On this day in 1990, not unlike many days before and since, Gareth Evans dropped an f-bomb. While hardly out of character for the notoriously potty-mouthed former foreign minister, this particular utterance of every Australian’s second-favourite four-letter word bears the laudable distinction of being the first time its use was recorded in the Hansard of the Australian Senate.¹
Evans had risen half an hour earlier to discuss ceasefire negotiations in the Cambodian civil war—an interminable, four-faction conflict which had been raging since the Khmer Rouge were expelled from Phnom Penh in 1979. The Vietnamese troops garrisoned in the country for a decade had been withdrawn the previous year, and with the sudden dissolution of the eastern bloc, foreign aid to Hun Sen’s nominally socialist government had quickly dried up. Khmer Rouge troops had advanced into the provinces to the north and west of Phnom Penh, and another invasion of the capital now appeared to be on the cards.
Well-credentialed on matters of international diplomacy, Liberal Senator Robert Hill was one of the leading members of his party’s moderate faction, at a time when there was such a thing. With the Labor Party barely scraping back into government earlier in the year with less than 50 percent of the two-party preferred vote, he could have reasonably expected to be foreign minister after the next election, which even by then was shaping up as an inevitable Labor rout.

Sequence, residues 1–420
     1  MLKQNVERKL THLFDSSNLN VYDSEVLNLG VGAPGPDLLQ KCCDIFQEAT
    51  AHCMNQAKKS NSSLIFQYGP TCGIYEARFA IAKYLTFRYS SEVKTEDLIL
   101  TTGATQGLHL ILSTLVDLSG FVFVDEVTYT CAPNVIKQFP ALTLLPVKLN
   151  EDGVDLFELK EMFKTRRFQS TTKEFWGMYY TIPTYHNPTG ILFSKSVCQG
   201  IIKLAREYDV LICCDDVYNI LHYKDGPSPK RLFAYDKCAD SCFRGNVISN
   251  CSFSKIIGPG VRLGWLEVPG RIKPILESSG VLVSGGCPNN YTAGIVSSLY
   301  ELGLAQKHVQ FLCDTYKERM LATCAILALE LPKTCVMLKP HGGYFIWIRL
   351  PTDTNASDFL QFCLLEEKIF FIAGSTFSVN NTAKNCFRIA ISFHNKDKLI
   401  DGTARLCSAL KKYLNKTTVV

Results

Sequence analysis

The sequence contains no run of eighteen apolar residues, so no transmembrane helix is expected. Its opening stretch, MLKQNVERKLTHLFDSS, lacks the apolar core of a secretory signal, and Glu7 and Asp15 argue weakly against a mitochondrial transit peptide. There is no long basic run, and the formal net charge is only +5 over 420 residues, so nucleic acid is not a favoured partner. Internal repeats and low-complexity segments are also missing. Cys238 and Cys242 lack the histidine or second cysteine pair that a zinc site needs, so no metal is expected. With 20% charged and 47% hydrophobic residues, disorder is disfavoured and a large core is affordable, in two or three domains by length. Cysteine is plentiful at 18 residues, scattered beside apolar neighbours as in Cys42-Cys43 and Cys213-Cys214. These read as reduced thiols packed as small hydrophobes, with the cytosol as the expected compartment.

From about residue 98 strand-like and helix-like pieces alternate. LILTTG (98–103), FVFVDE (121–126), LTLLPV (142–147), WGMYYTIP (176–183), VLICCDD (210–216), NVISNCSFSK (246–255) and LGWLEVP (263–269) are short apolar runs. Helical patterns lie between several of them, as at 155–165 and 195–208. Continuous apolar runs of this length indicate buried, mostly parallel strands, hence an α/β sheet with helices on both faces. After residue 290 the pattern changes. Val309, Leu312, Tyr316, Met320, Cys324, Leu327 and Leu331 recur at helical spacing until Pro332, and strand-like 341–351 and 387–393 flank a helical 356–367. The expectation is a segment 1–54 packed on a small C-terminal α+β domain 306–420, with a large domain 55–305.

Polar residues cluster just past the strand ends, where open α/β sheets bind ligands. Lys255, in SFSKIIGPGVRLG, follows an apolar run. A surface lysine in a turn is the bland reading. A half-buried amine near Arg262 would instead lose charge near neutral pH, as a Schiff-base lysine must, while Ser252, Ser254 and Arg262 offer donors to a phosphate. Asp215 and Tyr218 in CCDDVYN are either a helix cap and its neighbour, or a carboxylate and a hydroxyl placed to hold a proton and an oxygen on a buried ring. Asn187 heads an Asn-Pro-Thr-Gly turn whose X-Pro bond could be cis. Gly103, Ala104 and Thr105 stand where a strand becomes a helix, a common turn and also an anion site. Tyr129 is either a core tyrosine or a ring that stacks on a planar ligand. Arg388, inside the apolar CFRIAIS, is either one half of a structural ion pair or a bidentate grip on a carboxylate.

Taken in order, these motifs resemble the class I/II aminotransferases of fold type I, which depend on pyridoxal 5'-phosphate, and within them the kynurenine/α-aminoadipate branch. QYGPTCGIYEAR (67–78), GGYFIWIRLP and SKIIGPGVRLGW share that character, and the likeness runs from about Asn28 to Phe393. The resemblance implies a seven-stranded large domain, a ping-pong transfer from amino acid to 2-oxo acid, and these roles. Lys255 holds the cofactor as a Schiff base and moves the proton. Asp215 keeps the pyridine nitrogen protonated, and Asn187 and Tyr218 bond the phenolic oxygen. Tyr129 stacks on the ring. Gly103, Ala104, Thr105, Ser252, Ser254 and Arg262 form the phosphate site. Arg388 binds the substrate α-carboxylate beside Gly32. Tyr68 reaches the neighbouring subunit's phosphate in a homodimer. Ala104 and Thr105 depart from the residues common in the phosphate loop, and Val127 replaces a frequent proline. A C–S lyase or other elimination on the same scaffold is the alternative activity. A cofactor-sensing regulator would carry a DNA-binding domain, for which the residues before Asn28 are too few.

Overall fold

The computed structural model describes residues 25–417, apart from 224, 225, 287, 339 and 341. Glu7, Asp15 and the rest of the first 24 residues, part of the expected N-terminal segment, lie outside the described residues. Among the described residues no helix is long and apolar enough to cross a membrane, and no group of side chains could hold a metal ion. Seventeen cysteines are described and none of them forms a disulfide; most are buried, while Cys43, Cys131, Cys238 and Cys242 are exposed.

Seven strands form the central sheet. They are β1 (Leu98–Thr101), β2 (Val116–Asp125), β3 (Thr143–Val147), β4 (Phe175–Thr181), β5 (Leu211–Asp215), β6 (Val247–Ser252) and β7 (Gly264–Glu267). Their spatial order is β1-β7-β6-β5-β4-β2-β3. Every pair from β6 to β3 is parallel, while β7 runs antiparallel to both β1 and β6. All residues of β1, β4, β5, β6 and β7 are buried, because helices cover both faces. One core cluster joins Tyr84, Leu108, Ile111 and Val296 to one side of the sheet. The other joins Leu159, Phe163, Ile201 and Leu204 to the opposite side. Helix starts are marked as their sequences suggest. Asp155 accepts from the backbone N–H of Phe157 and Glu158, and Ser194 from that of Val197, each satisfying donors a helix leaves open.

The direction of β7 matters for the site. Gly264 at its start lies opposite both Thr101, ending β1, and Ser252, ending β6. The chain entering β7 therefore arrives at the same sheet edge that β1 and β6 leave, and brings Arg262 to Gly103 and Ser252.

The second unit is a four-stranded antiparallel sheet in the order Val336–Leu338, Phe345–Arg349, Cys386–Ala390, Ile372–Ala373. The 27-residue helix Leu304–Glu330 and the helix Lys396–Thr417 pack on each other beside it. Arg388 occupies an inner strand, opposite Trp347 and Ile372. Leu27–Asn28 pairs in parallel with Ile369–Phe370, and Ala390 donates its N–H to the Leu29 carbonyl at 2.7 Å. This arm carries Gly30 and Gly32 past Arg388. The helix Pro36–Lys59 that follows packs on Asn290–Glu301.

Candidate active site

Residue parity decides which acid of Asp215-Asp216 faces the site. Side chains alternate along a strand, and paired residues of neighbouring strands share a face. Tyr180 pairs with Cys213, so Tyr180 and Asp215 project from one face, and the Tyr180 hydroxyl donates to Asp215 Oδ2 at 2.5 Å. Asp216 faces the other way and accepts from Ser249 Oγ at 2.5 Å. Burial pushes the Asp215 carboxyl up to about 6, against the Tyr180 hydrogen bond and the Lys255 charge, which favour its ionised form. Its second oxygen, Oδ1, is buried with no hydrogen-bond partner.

Evans had been deferring questions on Cambodia for weeks, assuring the Senate that the government’s position would be put to the parliament on this date. Now that Evans had spoken, Hill was unimpressed. When he rose shortly after 5pm he began to excoriate the minister, accusing the government of failing to account for the strategic advantages of the Khmer Rouge and not doing enough to prevent the rehabilitation of Pol Pot.² Now, in Hill’s eyes, Evans was softening up the public for a policy change, after spending the year insisting that a ceasefire agreement would be concluded by the end of December.
A clearly exasperated Evans began interjecting more frequently from the other side of the chamber, denying that his policy had rested on the assumption that the Khmer Rouge would genuinely participate in a ceasefire agreement and an eventual election. When Hill began reeling off accusations that the Chinese government was continuing to provide military hardware, Evans finally blew his stack:
We have been disturbed by the allegations that they have now been provided with tanks by China. I see that the Minister in his statement today refutes the fact, indicating that Australian intelligence sources now doubt whether tanks have been supplied. That is interesting—it is the first I have heard of it—because it was reported not in any rag but in Jane’s Defence Weekly—
For fuck’s sake.
Senator Terry AULICH (Acting Deputy President)
Order! I ask the Minister to withdraw that.
For goodness sake.
I ask the Minister to withdraw that comment.
It is not on the record.
I am afraid it is, and I ask the Minister to withdraw it. The speaker responded, it was most disorderly, and I ask you to withdraw any intemperate statement.